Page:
I’m slinking off to find a handkerchief to dab at my eyes…hmm, handkerchief.  There’s another drying piece of serviceable domestic textile…

Gretchen Bernet-Ward

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Tea Towel “Ayrshire Cattle Society” © By appointment to Her Majesty The Queen, suppliers of kitchen textiles, Ulster Weavers Home Fashions Limited, Belfast.
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My well-used Scottish tea towel but I’ve never tried the Haggis recipe.

Teatowel of Ignominy

Ever do something just for fun?  Sure you have.  From an impromptu picnic to cooking a lavish dinner.  Sporty things, family things, shopping expeditions or entering a competition in the name of fun.

Recently I designed a book-themed teatowel for fun.  There was a prize involved but I won’t dwell on that because I did not win.  However, it did spawn this blog piece…

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G-B-W©Book Lifecycle artwork (Australia)

For those born into a dishwasher world, I will elaborate.  A teatowel is used to dry crockery and cutlery.  It is made of an oblong piece of linen or cotton material, naturally absorbent, hemmed on all sides and printed with a design.  The design is printed on one side, in portrait position.  Teatowels can be any colour, any theme, but traditionally the same fabric and size.  They can also be displayed poster-like on a kitchen wall.  The following teatowels are not ignominious!

Tea Towel Design 04
Raspberry Thistles©Scott Inness (Scotland)

Tourist destinations sell souvenir teatowels, the most glorious ones are those in public art galleries.  Gift shops offer cute ones with flowers, teacups, recipes or cow designs.  Craft groups use them as fund-raisers, while cookware stores display matching sets of oven mitt, apron and teatowel with a trendy designer logo.

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Friesian Cows©Rodriquez (Australia)

I have a large proportion of Australian flora and fauna too well-laundered to show here.  The examples displayed are the best I could find in the kitchen drawer.  A lovely giraffe print from Western Plains Zoo, Dubbo NSW, was singed from a cooking incident.  My recently purchased Cecily teatowel (below) is part of a book-themed series from New Zealand.  It will not suffer the fate of another limited edition teatowel which, shock horror, was used to wipe the stove griller.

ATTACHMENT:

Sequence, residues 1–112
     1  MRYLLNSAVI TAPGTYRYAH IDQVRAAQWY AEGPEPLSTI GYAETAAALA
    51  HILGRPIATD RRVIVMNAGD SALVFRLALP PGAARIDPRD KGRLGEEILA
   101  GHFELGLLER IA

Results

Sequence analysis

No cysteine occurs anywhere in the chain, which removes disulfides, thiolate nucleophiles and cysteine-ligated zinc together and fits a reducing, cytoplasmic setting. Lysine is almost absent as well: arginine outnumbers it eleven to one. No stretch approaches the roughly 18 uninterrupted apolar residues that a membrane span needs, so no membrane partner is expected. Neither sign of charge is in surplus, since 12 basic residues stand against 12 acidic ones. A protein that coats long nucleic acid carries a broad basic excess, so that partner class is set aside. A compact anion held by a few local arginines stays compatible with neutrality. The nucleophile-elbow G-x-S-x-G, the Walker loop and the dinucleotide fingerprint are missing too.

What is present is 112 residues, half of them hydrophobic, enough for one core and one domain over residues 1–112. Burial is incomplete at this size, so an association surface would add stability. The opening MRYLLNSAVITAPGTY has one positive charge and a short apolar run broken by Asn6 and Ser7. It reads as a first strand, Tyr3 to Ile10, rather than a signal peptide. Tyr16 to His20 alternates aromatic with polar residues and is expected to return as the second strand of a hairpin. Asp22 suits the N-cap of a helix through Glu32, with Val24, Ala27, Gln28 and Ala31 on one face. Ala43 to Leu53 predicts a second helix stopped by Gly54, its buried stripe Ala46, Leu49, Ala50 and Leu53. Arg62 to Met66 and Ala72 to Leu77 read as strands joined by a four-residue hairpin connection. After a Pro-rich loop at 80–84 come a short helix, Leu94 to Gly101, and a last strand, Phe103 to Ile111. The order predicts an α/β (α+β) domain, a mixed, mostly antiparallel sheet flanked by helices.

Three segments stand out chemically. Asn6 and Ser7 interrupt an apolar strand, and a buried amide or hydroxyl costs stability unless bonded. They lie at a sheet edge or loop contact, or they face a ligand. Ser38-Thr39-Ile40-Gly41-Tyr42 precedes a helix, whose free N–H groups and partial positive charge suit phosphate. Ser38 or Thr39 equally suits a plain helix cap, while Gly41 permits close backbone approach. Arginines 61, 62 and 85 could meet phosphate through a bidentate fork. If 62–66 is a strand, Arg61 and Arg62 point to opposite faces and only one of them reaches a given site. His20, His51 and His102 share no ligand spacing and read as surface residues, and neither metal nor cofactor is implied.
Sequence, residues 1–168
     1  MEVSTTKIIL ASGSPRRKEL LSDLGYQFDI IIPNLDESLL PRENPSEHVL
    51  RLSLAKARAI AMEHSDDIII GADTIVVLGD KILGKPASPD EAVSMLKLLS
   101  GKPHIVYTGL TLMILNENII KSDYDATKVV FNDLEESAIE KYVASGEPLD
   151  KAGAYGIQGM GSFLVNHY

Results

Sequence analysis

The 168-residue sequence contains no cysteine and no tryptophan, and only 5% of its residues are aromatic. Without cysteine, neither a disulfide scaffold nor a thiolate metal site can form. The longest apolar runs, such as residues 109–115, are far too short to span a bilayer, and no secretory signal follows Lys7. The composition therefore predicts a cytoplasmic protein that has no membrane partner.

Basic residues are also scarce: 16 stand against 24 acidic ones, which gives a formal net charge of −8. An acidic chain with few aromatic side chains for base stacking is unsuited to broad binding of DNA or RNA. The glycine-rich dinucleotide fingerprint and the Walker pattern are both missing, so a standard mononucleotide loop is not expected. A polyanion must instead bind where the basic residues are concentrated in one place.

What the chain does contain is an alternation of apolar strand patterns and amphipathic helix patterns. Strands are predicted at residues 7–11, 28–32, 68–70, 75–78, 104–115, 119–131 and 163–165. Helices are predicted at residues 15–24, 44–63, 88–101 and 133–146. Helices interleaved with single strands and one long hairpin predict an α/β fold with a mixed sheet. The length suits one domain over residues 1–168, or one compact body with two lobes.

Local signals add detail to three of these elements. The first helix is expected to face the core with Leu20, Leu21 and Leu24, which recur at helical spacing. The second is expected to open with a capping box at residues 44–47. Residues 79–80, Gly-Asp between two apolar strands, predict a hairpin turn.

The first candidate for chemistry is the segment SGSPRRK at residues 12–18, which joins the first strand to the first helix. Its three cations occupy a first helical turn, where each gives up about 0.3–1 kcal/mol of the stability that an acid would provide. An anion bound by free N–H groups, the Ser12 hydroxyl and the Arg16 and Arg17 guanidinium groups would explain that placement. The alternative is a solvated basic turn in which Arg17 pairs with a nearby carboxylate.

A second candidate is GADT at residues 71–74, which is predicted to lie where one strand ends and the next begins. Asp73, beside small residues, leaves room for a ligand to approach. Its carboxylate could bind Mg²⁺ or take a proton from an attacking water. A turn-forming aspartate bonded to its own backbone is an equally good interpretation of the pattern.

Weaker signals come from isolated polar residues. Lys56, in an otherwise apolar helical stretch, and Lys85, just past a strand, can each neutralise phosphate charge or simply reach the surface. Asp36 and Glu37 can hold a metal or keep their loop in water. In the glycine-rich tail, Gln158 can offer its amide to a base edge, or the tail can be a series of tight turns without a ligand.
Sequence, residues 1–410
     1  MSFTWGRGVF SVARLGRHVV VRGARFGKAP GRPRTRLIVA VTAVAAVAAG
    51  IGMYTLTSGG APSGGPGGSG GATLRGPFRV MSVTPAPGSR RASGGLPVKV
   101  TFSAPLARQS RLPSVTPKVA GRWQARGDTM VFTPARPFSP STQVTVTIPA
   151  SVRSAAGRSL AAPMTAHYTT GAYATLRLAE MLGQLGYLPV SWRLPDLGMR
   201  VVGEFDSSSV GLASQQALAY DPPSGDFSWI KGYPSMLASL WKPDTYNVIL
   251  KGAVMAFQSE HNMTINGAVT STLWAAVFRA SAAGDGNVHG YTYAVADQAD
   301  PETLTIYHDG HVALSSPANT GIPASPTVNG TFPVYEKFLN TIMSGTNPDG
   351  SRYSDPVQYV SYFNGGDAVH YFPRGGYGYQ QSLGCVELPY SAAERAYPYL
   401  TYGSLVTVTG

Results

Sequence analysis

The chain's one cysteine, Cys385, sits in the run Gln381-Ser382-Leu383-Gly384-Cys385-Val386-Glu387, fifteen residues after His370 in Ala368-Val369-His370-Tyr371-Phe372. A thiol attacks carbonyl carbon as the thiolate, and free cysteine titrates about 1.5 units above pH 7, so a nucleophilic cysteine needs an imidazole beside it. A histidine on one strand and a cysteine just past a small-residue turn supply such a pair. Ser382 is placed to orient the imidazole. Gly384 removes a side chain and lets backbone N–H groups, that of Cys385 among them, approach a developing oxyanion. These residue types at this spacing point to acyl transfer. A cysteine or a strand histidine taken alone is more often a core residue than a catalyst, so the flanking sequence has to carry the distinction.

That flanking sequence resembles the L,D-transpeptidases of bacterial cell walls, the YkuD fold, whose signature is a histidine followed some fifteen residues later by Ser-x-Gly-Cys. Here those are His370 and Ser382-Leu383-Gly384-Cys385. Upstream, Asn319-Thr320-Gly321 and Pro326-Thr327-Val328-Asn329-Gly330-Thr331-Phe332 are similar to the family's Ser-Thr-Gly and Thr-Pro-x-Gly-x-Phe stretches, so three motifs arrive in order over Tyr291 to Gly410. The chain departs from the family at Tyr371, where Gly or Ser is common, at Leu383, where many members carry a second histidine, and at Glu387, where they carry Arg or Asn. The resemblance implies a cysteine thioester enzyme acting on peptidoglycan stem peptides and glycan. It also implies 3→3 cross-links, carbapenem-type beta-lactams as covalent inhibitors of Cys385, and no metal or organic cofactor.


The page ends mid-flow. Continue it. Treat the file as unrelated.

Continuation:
Tea Towel Design 08
Cecily©Moa Revival (New Zealand)

Teatowels sound old-fashioned and domesticated but they can become the focus of teenage washing-up disputes and used as a weapon to flick people.  Snap!

Tea Towel Design 05
Babushka Dolls©Ladelle (Australia)

Apparently teatowels originated in Victorian England and were used at teatime to keep the china in good condition.  Baked goods were often laid on a teatowel to cool or alternatively kept moist under a teatowel.  The name is different in different countries, in Australia a dishtowel/dishcloth is used for more heavy duty cleaning.

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Tidy teatowel (Unknown)

No doubt there is an online history of teatowels and teatowel aficionados around the world, but I am content in the knowledge that I have owned many useful hard-working ones over the years.  Lightly imbued with nostalgia and sentiment, some were gifts, most I have bought, and one I designed myself which is not destined to be printed.  That’s a good thing.

Gretchen Bernet-Ward


BONUS:
My blog post is laden with afternoon tea foodie photographs
https://thoughtsbecomewords.com/2018/03/11/afternoon-tea-and-fancy-food/
Extra teatowel image courtesy of The National Trust UK
https://www.nationaltrust.org.uk/

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Made with care in UK for The National Trust 100% cotton.